Stories that you confided to us

{( row.text )}
{( row.tag )}

Stories that you confided to us

Go to all stories
Sofiya Manoylo

‘A day that etched in my memory and changed me’

views: 1165

Sofiya Manoylo, Specialized School №3, Mariupol city, Donetsk region

In the "One Day" essay competition, her work took 2nd place.

Teacher - Vasilyeva Natalya

‘A day that etched in my memory and changed me’
Sofiya in 2014
‘A day that etched in my memory and changed me’
Sofiya in 2021
‘A day that etched in my memory and changed me’
Sofiya together with teacher Natalya Vasilyeva

‘I am going to draw that day…’

Quote from the song of the Ukrainian musician Svyatoslav Vakarchuk

Our life consists of a great number of days, like a picture of puzzles. Working days and weekends, sad and happy days, ordinary and special days – they all pass. But there are such days that are etched in your memory, that change you, and often come back in memories. You live them again and again. I would like to recount one day from my life.

For some time we lived separated from the war. Yes, the inhabitants of our city often went to bed to the roar of cannonade, anxiously froze listening to the news. On the way to school, I felt the ground tremble from some distant explosions.

Our teacher, usually smiling and cheerful, was then serious and focused, constantly reminding us about the safety rules during the shelling, the evacuation procedure. Training of such vital skills in the new conditions took place every week.

The military were constantly moving in the city. Military vehicles, the purpose of which was unknown to me, were passing through the streets. Snipers on the roofs of buildings were very frightening, but my mother set me at ease, explaining that these people were there for the safety of citizens during mass events.

And the sirens of ambulances... Day and night, these vehicles raced through the streets, saving the lives of peacekeepers. One of the clinics was turned into a military hospital.

Until that fateful day, the war frightened from afar, as if making us accustomed to the idea that it was possible to coexist with it. And then, having lulled us to sleep, hit hard, in a brutal manner.
It happened on a weekend, on Saturday, when people were engaged in their household chores, went for walks with families, met with friends. I used to think that hail (“grad” in Ukrainian) is an atmospheric phenomenon, a form of precipitation. In a naïve, childish way. At that time, I had no idea of another meaning of this word, a meaning with an admixture of trouble.

The Left Bank district of my city came under fire from a weapon having the same name (Grad rocket launcher). The joyous day of rest instantly turned into a black date. People died. And this is an irreparable loss.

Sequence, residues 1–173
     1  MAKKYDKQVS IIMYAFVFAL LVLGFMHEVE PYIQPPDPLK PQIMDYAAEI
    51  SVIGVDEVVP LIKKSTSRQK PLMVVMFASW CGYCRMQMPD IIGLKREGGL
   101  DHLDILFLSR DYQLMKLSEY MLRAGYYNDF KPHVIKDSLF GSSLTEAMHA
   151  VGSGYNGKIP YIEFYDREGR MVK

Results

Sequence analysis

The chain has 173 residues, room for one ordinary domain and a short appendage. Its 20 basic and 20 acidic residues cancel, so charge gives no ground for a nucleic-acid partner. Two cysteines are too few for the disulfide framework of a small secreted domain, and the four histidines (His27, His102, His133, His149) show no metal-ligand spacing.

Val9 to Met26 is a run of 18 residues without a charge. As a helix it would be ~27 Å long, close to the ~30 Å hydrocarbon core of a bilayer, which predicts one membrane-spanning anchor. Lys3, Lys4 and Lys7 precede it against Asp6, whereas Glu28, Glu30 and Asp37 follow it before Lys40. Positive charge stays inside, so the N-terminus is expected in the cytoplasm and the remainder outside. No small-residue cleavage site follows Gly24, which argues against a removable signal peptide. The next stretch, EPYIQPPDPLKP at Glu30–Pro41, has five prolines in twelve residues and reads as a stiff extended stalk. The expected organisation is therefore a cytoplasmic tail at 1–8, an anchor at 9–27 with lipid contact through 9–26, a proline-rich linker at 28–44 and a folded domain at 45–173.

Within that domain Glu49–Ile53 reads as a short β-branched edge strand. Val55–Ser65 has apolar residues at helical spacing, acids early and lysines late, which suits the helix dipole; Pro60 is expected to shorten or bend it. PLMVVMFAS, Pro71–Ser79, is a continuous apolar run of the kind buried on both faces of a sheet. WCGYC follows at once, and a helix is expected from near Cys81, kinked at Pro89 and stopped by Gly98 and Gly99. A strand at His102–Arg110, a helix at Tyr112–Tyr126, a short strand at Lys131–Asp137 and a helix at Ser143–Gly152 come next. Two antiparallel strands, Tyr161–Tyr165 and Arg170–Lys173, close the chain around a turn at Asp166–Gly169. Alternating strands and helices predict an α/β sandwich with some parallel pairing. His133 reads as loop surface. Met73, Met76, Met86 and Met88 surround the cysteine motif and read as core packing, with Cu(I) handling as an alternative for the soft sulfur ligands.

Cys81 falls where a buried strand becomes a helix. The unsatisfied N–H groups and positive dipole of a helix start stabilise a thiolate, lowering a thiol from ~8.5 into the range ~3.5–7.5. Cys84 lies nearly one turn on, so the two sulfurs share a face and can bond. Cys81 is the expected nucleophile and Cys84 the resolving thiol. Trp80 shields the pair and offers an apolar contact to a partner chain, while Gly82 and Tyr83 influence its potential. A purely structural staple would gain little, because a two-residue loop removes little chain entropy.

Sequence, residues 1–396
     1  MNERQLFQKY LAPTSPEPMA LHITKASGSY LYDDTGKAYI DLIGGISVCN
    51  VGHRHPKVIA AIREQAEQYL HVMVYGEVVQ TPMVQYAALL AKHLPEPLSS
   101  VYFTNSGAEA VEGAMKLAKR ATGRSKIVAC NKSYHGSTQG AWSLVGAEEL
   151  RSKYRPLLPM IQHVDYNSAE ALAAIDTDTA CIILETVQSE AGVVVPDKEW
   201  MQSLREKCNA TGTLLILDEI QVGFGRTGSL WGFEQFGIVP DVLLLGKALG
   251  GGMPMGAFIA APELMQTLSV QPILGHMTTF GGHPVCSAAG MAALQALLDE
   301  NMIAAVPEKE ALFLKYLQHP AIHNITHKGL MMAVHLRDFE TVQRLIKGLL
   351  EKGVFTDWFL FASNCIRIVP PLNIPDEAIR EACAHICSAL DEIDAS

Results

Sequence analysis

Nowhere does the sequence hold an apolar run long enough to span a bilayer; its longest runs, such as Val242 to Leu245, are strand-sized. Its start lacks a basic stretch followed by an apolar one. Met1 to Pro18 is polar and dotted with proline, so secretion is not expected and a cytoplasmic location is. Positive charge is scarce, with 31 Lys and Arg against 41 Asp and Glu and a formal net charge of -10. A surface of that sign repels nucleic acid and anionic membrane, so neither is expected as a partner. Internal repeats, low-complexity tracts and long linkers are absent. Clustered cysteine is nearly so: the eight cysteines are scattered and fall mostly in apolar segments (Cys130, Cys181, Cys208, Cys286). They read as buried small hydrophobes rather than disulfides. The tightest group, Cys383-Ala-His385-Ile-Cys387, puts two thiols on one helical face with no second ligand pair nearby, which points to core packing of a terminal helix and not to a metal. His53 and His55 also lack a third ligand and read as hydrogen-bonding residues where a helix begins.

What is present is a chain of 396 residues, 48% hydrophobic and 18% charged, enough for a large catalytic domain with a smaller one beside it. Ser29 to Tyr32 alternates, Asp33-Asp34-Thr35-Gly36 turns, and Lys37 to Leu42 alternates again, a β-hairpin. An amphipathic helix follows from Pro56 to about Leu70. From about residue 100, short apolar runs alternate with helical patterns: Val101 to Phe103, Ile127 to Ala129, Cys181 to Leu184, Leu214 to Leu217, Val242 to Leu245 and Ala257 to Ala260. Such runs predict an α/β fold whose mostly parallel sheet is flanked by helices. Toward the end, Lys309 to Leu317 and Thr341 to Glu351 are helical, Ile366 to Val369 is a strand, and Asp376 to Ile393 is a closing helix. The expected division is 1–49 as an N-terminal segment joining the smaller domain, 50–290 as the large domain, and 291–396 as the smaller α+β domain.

It turns out that the war was always near; it was looking for a vulnerable place. Since then, it has been really scary. It is not necessary to be at war in order to be dragged into a confrontation, in order to suffer, and to take risks.

Residents of the affected district moved away from their homes: some temporarily lived at their relatives’ places, some rented an apartment in the city centre, some left, rescuing themselves and their loved ones.

My mother and I left the city for a week. And then we came back, because my dad did not go: he continued to work. We wanted to be together to support each other during that life trial.

In memory of this tragic day in the history of Mariupol, there is a mural depicting a little girl holding close a teddy bear. That day she lost her mother and the girl herself was maimed. The teddy bear is associated with the childhood that the horrors of war stole from her. I often walk past the building where the mural is placed. I stop by and have memories in my mind. This is probably exactly the day when the war burst into my life and when I grew up ahead of time.

‘A day that etched in my memory and changed me’
Mural in Mariupol
‘A day that etched in my memory and changed me’

Now I clearly understand what peace is. Peace is the absence of war in all its terrible and shameful manifestations. It is an opportunity to live without fear, with plans for the future; it is simply a chance to LIVE. The meaning of the word “peace” can be truly comprehended by a person who survived the war.

I do not want more such days. Let there be other days – bright and happy ones, as gifts of destiny. These are exactly the days Okean Elzy band sings about: ‘I am going to draw the day where I fly and the day where I sing.’

My house is on Myru (Peace) Avenue, and I am a peaceful person striving for peace.

When quoting a story, a reference to the source – the Museum of Civilian Voices of the Rinat Akhmetov Foundation – is mandatory, as follows:

The Museum of Civilian Voices of the Rinat Akhmetov Foundation

Rinat Akhmetov Foundation Civilian Voices Museum
Mariupol 2014 2015 2021 Text Civilian's stories children 2014 2015 shelling safety and life support children shelling of Mariupol Separation from loved ones 2021 Essay Competition 2021
Help us out. Share this story
Join the Project
Every story is unique. Share your story
Tell a story
Go to all stories